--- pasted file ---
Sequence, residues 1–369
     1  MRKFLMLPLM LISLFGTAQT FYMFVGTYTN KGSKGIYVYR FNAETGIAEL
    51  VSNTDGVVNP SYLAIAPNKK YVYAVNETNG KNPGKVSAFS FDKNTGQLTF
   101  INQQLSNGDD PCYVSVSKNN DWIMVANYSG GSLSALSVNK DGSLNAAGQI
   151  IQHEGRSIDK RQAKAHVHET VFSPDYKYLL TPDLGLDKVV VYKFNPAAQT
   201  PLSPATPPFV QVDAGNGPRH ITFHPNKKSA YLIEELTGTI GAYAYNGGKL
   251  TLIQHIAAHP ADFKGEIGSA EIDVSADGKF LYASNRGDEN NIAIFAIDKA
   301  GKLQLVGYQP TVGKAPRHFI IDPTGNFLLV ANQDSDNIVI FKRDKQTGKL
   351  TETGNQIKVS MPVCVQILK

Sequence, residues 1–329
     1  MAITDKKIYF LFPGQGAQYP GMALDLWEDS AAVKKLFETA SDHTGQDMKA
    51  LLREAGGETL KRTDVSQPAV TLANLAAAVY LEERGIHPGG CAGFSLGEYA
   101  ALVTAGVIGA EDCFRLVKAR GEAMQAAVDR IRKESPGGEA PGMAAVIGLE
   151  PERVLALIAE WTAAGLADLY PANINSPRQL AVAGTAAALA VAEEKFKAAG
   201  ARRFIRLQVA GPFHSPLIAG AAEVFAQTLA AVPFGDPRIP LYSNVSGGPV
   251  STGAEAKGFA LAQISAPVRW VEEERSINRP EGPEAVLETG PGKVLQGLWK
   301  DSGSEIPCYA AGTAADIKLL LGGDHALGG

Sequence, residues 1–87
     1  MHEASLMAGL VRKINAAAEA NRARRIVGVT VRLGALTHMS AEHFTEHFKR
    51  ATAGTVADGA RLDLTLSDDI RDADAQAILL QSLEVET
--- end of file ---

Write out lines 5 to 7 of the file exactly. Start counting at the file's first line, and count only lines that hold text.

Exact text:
   151  IQHEGRSIDK RQAKAHVHET VFSPDYKYLL TPDLGLDKVV VYKFNPAAQT
   201  PLSPATPPFV QVDAGNGPRH ITFHPNKKSA YLIEELTGTI GAYAYNGGKL
   251  TLIQHIAAHP ADFKGEIGSA EIDVSADGKF LYASNRGDEN NIAIFAIDKA